Yet, while twin studies and many other lines of research made it increasingly difficult to argue for the overwhelming supremacy of either nature or nurture, the two domains generally were treated as being independent of each other. Specific traits or symptoms in an individual often were thought of as being the result of either psychological (nurture) or biological (nature) causes. Terms such as "endogenous depression," for example, were used to distinguish those who had symptoms that were thought generally to be out of reach for "psychological" treatments, such as psychotherapy. Looking back, it might be fair to say that one of the principal flaws in this perspective was the commonly held belief that, if something was brain based or biological, then it therefore implied a kind of automatic "wiring" of the brain that was generally driven by genes and beyond the influence of environmental factors.
Part 3: Nature is nurture (and vice versa)
As the science progressed, it became increasingly clear that the nature and nurture domains were hopelessly intertwined with one another. From early PET-scan studies showing that both medications and psychotherapy not only changed the brain but also did so in ways similar to behavioral-genetic studies showing how genetically influenced behaviors actually cause certain environmental events to be more likely to occur, research continued to demonstrate the bidirectional influences of genetic and environmental factors on development. (5,6) This appreciation rose to even greater heights with advances in the field of epigenetics, which was able to document some of the specific mechanisms through which environmental factors cause genes involved in regulating the plasticity of the brain to turn on and off. (7)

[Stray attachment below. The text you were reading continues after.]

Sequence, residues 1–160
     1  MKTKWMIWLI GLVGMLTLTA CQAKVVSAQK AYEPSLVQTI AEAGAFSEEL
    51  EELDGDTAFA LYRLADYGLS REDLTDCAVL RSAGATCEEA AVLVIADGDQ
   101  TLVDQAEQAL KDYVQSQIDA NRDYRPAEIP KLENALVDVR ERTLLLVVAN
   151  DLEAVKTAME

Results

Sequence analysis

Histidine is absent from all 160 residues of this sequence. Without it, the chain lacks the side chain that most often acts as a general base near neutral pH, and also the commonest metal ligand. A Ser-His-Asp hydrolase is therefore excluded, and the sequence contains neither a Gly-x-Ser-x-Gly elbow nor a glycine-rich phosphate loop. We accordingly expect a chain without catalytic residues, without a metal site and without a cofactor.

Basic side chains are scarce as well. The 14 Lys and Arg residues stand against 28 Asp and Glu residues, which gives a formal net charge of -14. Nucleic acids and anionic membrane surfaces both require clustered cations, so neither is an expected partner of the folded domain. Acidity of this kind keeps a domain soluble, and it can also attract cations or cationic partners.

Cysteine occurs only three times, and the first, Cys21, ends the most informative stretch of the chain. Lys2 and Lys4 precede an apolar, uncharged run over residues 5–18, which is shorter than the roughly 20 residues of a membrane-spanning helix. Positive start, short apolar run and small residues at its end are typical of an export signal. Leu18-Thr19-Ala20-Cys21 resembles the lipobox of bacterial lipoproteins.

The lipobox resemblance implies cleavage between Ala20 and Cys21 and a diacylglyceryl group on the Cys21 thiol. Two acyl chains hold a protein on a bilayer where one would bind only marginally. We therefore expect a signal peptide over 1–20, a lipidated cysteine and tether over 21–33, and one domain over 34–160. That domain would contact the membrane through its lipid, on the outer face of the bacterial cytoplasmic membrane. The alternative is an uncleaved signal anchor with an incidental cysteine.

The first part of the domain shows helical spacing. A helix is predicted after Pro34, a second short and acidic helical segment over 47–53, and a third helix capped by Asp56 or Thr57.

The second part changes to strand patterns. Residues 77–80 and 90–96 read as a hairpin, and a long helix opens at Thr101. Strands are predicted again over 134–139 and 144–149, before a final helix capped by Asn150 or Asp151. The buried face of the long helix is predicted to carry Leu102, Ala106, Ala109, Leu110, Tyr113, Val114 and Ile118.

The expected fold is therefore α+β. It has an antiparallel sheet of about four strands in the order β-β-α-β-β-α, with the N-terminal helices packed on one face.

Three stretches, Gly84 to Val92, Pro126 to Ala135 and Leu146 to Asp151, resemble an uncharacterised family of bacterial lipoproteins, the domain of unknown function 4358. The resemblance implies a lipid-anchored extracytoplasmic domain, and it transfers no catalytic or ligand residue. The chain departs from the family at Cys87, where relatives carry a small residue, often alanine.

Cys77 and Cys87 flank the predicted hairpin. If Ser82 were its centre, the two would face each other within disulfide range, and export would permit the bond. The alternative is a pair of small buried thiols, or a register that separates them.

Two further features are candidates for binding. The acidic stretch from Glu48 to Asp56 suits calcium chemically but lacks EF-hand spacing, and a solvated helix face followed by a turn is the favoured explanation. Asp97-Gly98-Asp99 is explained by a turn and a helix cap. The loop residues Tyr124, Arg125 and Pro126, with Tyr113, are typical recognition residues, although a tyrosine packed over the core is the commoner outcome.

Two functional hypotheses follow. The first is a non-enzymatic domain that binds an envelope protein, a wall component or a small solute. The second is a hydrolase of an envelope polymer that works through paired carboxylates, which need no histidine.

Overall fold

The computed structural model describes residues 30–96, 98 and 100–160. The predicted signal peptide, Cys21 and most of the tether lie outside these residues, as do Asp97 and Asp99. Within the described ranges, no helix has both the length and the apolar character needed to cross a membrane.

Given this modern understanding, the question of nature versus nurture ceases even to make sense in many ways. As an example, consider the developmental pathway a 10-year-old boy might have taken before eventually presenting to his pediatrician for severe general and social anxiety. He may have inherited a genetically based temperamental predisposition to being anxious from his parents, who also may struggle with anxiety. Then, those predispositions easily can evoke responses from his parents and teachers to shield and perhaps overprotect him, thereby limiting his opportunities to overcome his anxiety further. He selects friends and activities that match his more inhibited temperament. All of these environmental effects --some of which have been triggered by the boy's genes--result in real changes with regard to his brain structure and epigenetic modifications, with the end result being an anxious child whose stress pathways in the brain have been reinforced while the circuits involved in emotional regulation are not as structurally or functionally strong as they otherwise would be.
In thinking through some of this complexity, however, it is important to remember the hopeful message that is contained in this rich understanding. All of these complicated, interacting genetic and environmental factors give us many avenues for positive intervention. Now we understand that not only might a medication help strengthen some of the brain connections needed to reduce and cope with that child's anxiety, but so could mindfulness, exercise, and addressing his parents' symptoms. When the families ask me whether their child's struggles are behavioral or psychological, the answer I tend to give them is "yes."
(1.) "English Men of Science: Their Nature and Nurture" (London: MacMillan & Co., 1874)
(2.) "Temperament: Theory and Practice" (New York: Brunner/ Mazel, 1996)
(3.) "Nature and Nurture during Infancy and Early Childhood" (New York: Cambridge University Press, 1988)
(4.) Nat Genet. 2015;47(7):702-9.
(5.) Arch Gen Psychiatry. 1992;49(9):681-9.
(6.) Dev Psychopathol. 1997 Spring;9(2):335-64.
(7.) JAMA Psychiatry. 2017;74(6):551-2.
Dr. Rettew is a child and adolescent psychiatrist and associate professor of psychiatry and pediatrics at the University of Vermont, Burlington.
Email him at firstname.lastname@example.org. Follow him on Twitter @pedipsych.
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|Author:||Rettew, David C.|
|Date:||Oct 1, 2017|